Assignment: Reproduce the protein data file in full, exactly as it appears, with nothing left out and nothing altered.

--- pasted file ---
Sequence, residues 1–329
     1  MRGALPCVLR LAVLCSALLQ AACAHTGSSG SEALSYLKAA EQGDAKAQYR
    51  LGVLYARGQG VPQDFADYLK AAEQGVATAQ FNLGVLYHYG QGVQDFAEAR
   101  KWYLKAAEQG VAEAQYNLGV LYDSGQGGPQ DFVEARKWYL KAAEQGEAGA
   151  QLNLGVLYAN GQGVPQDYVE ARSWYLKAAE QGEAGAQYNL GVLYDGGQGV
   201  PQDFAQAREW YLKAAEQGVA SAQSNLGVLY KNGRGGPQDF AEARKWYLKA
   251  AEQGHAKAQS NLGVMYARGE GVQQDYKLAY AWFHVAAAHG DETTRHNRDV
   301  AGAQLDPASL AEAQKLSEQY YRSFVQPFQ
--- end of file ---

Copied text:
Sequence, residues 1–329
     1  MRGALPCVLR LAVLCSALLQ AACAHTGSSG SEALSYLKAA EQGDAKAQYR
    51  LGVLYARGQG VPQDFADYLK AAEQGVATAQ FNLGVLYHYG QGVQDFAEAR
   101  KWYLKAAEQG VAEAQYNLGV LYDSGQGGPQ DFVEARKWYL KAAEQGEAGA
   151  QLNLGVLYAN GQGVPQDYVE ARSWYLKAAE QGEAGAQYNL GVLYDGGQGV
   201  PQDFAQAREW YLKAAEQGVA SAQSNLGVLY KNGRGGPQDF AEARKWYLKA
   251  AEQGHAKAQS NLGVMYARGE GVQQDYKLAY AWFHVAAAHG DETTRHNRDV
   301  AGAQLDPASL AEAQKLSEQY YRSFVQPFQ